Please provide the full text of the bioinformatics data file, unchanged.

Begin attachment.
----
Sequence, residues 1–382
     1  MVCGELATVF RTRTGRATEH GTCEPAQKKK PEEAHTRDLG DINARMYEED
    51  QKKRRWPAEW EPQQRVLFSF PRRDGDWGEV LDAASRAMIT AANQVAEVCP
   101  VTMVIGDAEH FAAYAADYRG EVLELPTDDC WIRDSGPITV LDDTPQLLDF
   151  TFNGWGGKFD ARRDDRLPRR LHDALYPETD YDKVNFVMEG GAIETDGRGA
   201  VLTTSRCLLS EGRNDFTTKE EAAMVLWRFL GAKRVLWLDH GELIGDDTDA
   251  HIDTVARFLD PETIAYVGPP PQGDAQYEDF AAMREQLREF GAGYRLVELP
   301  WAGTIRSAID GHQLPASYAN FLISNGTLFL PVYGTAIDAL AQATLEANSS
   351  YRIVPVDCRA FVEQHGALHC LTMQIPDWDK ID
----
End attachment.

Sequence, residues 1–382
     1  MVCGELATVF RTRTGRATEH GTCEPAQKKK PEEAHTRDLG DINARMYEED
    51  QKKRRWPAEW EPQQRVLFSF PRRDGDWGEV LDAASRAMIT AANQVAEVCP
   101  VTMVIGDAEH FAAYAADYRG EVLELPTDDC WIRDSGPITV LDDTPQLLDF
   151  TFNGWGGKFD ARRDDRLPRR LHDALYPETD YDKVNFVMEG GAIETDGRGA
   201  VLTTSRCLLS EGRNDFTTKE EAAMVLWRFL GAKRVLWLDH GELIGDDTDA
   251  HIDTVARFLD PETIAYVGPP PQGDAQYEDF AAMREQLREF GAGYRLVELP
   301  WAGTIRSAID GHQLPASYAN FLISNGTLFL PVYGTAIDAL AQATLEANSS
   351  YRIVPVDCRA FVEQHGALHC LTMQIPDWDK ID